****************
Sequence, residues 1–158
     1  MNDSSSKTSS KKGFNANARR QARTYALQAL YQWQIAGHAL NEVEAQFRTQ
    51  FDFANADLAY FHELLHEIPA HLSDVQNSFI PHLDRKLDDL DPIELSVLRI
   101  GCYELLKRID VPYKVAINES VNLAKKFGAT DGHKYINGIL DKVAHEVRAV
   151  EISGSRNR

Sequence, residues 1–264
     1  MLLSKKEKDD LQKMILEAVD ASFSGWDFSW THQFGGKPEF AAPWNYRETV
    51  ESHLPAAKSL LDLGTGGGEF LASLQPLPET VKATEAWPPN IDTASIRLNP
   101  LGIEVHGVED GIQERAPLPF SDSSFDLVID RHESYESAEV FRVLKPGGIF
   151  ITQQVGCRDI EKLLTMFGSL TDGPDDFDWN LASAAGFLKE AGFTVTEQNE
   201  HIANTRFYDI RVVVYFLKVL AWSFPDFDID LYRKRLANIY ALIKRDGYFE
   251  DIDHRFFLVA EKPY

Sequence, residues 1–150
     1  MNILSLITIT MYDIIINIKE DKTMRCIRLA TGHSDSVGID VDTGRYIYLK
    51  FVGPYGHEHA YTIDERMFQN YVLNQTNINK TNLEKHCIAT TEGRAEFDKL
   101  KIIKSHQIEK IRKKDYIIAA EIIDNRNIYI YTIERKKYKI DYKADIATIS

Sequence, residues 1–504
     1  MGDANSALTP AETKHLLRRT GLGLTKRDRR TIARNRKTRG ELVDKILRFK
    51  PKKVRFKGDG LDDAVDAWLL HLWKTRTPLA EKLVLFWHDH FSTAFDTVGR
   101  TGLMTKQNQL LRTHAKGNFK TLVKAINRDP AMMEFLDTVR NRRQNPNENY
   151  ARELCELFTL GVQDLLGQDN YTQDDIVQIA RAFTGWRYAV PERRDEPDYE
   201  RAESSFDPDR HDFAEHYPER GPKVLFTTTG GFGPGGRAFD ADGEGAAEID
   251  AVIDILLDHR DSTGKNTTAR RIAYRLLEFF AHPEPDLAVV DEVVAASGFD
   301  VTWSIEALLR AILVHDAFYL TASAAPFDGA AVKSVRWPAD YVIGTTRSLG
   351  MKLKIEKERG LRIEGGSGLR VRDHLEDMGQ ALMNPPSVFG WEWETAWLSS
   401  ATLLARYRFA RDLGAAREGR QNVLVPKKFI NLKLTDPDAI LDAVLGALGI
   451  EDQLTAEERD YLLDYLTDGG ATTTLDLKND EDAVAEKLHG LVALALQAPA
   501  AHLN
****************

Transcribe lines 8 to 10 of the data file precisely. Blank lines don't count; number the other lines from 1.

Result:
    51  ESHLPAAKSL LDLGTGGGEF LASLQPLPET VKATEAWPPN IDTASIRLNP
   101  LGIEVHGVED GIQERAPLPF SDSSFDLVID RHESYESAEV FRVLKPGGIF
   151  ITQQVGCRDI EKLLTMFGSL TDGPDDFDWN LASAAGFLKE AGFTVTEQNE